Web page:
Policy mix supports Chinese COVID-battered small businesses
China's cabinet has rolled out a policy package this week, with a prominent part contributing to bolstering micro, small and medium-sized enterprises (MSMEs).
Of the total 33 measures issued by State Council on Tuesday, 14 cover contents to support the COVID-stricken small businesses.
Calling the measures targeted, extensive and coordinated, Vice Minister of Industry and Information Technology Xu Xiaolan said they have created synergy with previous policies, aiming to tackle small businesses' crying needs amid the cash crunch, debt pressures and sluggish market demands.
Experts believe that the current restraining forces for MSMEs' recovery and growth include rising costs due to hiking international food, energy and raw material prices, shrinking demands and supply shocks resulting from disruptions in industrial and supply chains at home and abroad.
"The period between May to September is supposed to be our factory's peak season for orders. We should have received many orders by April, but this year we haven't seen any," said Liu Chunming, financial chief of a Yangzhou-based shoe-making company.
The company received a large amount of handcraft-shoe orders from Southeast Asia and India last year and borrowed 26 million yuan (3.88 million U.S. dollars) from the bank. It is under heavy stress to repay the loans as payment collection dragged due to the pandemic.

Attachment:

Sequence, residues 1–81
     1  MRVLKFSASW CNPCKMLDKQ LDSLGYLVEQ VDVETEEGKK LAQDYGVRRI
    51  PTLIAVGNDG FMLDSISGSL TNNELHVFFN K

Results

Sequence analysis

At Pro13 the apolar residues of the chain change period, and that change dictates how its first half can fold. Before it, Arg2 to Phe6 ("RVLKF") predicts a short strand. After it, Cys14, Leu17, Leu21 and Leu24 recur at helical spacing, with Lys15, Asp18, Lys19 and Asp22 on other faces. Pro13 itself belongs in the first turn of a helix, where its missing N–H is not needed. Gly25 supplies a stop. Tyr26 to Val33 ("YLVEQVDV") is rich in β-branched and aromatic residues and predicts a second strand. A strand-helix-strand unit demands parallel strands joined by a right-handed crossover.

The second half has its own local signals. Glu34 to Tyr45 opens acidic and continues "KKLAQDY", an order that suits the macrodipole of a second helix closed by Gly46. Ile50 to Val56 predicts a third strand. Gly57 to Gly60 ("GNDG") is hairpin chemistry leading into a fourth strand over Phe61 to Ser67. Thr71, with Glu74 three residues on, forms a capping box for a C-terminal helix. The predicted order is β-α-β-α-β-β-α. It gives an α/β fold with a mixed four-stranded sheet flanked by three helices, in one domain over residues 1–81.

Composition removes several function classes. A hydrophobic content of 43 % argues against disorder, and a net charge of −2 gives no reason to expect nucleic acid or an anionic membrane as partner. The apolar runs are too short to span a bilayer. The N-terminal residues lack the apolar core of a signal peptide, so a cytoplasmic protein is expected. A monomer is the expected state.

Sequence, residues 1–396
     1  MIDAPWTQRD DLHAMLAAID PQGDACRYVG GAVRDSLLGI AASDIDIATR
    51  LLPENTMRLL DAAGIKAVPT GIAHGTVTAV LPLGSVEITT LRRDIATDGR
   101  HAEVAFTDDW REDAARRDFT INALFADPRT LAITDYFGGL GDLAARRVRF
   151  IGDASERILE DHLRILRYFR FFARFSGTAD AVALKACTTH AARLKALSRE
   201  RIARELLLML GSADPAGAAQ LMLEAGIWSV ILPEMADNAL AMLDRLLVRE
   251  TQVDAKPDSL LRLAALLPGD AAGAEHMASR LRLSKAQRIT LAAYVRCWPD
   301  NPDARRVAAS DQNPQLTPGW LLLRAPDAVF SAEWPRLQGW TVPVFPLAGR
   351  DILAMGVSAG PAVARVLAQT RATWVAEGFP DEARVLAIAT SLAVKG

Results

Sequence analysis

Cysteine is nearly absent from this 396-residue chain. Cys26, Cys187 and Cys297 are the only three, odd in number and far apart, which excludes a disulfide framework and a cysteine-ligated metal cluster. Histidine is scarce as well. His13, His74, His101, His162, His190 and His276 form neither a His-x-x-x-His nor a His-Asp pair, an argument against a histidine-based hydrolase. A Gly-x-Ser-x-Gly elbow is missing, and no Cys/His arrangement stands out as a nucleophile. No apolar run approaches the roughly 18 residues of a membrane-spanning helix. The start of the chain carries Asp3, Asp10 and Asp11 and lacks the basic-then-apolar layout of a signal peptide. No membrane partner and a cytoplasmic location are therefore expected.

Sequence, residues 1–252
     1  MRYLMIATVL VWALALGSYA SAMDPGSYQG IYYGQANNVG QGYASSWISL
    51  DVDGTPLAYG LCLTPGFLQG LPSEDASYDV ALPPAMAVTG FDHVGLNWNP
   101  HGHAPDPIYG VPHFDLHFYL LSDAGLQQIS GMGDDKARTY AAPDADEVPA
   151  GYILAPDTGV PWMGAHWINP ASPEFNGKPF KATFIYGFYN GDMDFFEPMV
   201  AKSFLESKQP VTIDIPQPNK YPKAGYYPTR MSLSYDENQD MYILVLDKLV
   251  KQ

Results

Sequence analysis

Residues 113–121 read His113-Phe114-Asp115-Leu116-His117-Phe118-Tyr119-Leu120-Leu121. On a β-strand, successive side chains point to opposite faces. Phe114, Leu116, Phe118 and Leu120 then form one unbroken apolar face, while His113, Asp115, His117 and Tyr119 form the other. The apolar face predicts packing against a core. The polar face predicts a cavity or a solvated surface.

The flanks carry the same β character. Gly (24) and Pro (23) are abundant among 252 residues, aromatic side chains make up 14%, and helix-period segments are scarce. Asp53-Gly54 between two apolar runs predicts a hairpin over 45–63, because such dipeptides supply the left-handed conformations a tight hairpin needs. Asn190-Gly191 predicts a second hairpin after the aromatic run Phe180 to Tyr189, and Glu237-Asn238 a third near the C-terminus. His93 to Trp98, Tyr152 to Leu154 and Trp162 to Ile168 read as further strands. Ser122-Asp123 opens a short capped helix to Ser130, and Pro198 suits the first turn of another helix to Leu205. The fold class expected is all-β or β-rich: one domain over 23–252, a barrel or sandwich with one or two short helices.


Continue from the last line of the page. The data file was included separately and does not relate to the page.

"Thanks to the tax and fee deferrals for micro, small and medium-sized manufacturing firms, not only were our 900,000-yuan tax and fee payments from the fourth quarter last year extended for another six months, this year's tax and fee payments from the first and second quarter can continue to enjoy the deferrals," Liu said.
On top of that, China will also expand the policy of deferring premium payments of social security programs and support banks to postpone, within this year, principal and interest repayments on loans made to MSMEs, according to the State Council's Tuesday circular.
"The strengths, scope and depth of support for MSMEs have been increasing constantly," said Shan Lipo, an official with the Ministry of Industry and Information Technology.
The Yangzhou Xiexin Smart Wind Power Generation Co., Ltd. has seen more costs added to the construction of its power stations this year as the construction got put off by two months due to the COVID-19.
However, the company just received 13 million yuan of outstanding and newly added value-added tax credit refunds, which its financial chief Li Hui called a "timely rain."
"We will use it to repay bank loans. We will be able to reduce 559,000 yuan of financing costs in a year if calculated with the current lending rate," Li said.
The State Council has decided to extend the policy of refunding outstanding and newly added value-added tax credits to more industries, which is expected to increase tax refunds by 140-plus billion yuan, according to its circular.
Measures such as lowering utility and Internet service bills and facilitating phased rent exemption for market entities are also included in the circular to relieve firms' financial burdens.
"Thanks to this year's policy to exempt rent for businesses that are tenants of state-owned enterprises, we will be waived for 3 million yuan on rent. We will use it on equipment purchase and research and development," said Zhou Da, Vice President of Ecosystem of BioMap, a startup biotech company.
"For science-driven MSMEs at the cutting edge of industry development, technological innovation is of utmost importance," Zhou said. He admitted that the raft of policies aiming at cutting costs has injected more vitality into firms' innovation and development.